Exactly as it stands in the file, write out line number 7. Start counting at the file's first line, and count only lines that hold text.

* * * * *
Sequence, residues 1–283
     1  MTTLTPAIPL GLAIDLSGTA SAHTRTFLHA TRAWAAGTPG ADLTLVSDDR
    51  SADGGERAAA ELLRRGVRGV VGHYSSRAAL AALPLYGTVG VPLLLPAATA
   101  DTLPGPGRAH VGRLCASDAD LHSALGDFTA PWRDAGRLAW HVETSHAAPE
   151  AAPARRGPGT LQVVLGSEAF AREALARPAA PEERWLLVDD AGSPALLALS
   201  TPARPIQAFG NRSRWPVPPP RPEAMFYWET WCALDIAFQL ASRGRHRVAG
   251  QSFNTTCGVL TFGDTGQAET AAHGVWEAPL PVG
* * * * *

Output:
   251  QSFNTTCGVL TFGDTGQAET AAHGVWEAPL PVG